It seems that for a lot of gamers who are around my age (and older) one of the most common formatives experiences of their youths was the reading of gaming magazines. When I watch or listen to gaming shows and podcasts I frequently hear people talking about how they always looked forward to receiving the next edition of magazines like Nintendo Power, EGM, and PC Gamer and would devour each and every page of them. Back before the days of widespread Internet usage these gaming magazines were the best things to read if you wanted to stay current with the gaming industry and would also sometimes come with nice perks like demo discs. I never had a subscription to any gaming magazines growing up—though in 2010 I did receive a single edition of Best Buy’s short-lived @Gamer magazine in the mail—so I’ve never had a connection to this part of gaming culture, but about two months ago a friend of mine let me have his copy of the July 2018 edition of GameInformer. For a week or two it just sat in my room collecting dust, but eventually I got around to checking it out.


The cover of the July 2018 edition of GameInformer spotlights Anthem, the upcoming game from developer Bioware that’s due to be released next year. In addition to the great cover art, what struck me when I first picked up the magazine was the feel of the cover. While the inside pages of GameInformer are the same sort of paper you get with any other magazine, the cover is made of a thicker, high quality paper that feels really nice in your hands. The cover also seems to be resistant to getting visible fingerprints and smudges on it, which is big plus for people like me who prefer the pristine look for our reading material.

Of course, while the cover of a magazine might be what grabs your attention, what really matters is the content inside of it. I slowly flipped through the pages, reading articles that caught my eye and looking over images from the various games being covered. As you’d expect, GameInformer is a smorgasbord of articles on games and gaming culture, editorials and opinion pieces, bits of news from the gaming industry, game reviews, comments from readers and the magazine’s editors, and some advertisements. The magazine has a visually pleasing format and even if you don’t read every word and paragraph your eyes will be drawn to the high quality images of games found throughout it. Where this shines the most is around page 40 when you reach the section on the game featured on the magazine’s cover. This is where the real meat is—a longer-form dive into a single game with extensive quotations from the game’s developers and some fine imagery to boot. In the case of Anthem I already knew a fair amount about the game thanks to extensive coverage of it in June at this year’s E3, but I did learn a few new things from the GameInformer article and it was interesting to get more perspectives on Anthem from its developers. After the section on Anthem there was another 28 pages of features on various games, ranging from 1 to 4 pages each, and even though most of them were on games that I’m never going to play I think GameInformer’s did a good job of presenting and potentially stoking interest in them. At the end of the magazine was a bunch of game reviews and then a final article on text adventure games to wrap things up.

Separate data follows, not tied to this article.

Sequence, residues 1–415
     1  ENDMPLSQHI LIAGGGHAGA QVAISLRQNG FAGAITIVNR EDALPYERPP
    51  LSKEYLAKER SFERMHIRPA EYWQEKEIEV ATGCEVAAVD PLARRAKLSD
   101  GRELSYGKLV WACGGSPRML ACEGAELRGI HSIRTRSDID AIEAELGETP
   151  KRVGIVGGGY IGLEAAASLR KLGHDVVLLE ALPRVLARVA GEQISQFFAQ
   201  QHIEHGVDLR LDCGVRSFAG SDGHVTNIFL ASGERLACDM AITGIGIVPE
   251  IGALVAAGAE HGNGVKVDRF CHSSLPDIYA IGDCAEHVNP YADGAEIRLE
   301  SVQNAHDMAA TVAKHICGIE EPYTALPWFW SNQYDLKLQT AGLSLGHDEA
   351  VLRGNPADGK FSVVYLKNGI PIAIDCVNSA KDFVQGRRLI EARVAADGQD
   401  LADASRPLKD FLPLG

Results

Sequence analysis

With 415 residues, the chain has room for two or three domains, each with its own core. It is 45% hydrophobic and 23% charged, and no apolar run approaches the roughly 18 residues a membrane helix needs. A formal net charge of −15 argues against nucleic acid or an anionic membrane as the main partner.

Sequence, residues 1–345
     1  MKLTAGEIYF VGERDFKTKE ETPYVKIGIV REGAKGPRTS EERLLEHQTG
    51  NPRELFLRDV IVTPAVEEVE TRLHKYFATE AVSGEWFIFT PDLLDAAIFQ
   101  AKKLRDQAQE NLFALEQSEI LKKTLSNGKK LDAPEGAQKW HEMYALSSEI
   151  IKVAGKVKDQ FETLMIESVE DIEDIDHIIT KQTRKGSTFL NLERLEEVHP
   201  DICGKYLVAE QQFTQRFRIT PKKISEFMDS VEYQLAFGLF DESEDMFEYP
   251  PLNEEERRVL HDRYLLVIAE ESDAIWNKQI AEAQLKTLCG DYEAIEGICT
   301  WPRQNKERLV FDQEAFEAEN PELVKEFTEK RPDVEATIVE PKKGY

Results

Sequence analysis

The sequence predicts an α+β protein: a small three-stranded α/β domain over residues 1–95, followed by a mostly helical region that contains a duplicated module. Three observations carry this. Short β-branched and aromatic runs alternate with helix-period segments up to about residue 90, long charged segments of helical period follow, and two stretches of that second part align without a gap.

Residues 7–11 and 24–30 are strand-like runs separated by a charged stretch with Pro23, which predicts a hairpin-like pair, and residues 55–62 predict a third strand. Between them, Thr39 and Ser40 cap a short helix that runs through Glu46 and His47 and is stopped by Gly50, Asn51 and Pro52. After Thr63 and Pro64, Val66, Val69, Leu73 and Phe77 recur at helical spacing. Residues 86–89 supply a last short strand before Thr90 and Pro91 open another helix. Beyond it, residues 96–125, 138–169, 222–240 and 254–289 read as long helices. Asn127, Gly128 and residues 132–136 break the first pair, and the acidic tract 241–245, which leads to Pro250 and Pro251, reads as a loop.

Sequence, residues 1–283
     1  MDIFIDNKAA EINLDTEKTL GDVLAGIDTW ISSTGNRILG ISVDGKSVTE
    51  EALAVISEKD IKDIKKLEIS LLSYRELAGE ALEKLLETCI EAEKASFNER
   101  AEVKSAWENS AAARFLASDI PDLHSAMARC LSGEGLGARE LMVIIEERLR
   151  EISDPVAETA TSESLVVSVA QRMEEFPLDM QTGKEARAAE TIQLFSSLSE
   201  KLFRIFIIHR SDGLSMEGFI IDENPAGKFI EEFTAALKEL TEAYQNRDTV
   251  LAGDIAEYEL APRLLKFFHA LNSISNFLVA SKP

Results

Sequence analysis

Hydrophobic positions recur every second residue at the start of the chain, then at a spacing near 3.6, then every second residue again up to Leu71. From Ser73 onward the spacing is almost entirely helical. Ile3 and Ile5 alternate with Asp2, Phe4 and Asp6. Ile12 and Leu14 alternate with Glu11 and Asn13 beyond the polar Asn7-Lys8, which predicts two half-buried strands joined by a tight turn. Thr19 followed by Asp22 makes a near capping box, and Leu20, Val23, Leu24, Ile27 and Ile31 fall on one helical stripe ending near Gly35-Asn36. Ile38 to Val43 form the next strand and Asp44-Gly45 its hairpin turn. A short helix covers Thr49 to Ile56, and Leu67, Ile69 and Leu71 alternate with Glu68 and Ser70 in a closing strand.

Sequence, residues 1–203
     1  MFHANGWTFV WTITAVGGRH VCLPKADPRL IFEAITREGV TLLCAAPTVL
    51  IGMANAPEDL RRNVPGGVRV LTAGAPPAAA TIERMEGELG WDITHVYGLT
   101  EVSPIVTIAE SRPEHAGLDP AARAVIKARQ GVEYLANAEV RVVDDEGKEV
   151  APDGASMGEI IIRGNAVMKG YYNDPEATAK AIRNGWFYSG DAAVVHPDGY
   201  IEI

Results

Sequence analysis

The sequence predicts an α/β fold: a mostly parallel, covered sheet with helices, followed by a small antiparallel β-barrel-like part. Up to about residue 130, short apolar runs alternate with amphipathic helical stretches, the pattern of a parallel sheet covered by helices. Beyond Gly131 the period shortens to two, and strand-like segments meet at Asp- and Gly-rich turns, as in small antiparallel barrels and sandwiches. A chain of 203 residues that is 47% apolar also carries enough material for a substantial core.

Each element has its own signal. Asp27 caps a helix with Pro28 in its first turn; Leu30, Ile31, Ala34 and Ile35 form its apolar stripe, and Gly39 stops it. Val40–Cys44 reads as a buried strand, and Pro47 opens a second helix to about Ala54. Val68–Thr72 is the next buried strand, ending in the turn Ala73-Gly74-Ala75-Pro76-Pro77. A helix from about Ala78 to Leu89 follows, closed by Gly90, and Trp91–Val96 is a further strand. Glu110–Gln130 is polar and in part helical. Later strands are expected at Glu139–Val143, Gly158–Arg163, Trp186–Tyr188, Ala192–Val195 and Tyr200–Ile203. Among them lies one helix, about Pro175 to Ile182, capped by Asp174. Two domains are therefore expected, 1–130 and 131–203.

So, with all that said, am I going to get a subscription to GameInformer? No. As interesting as the magazine is, in today’s world it’s really hard to argue someone into paying for a magazine when you can get nearly the same content online for free. On top of this there’s also the fact that with a magazine you have to wait for each edition to be printed and shipped, while with the Internet you can get a continuous stream of new information and media on a daily basis. That said, I have to admit that GameInformer has my respect. For any gaming magazine to be able to remain in business in today’s market is an impressive feat. Since GameInformer first launched in 1991 we’ve seen dozens of other gaming magazines die off, so whoever is running GameInformer clearly has the business know-how to stay alive and competitive in a space where so many others have failed. I won’t be subscribing to GameInformer, but I commend them for staying relevant and I hope they are able to continue their work for years to come.

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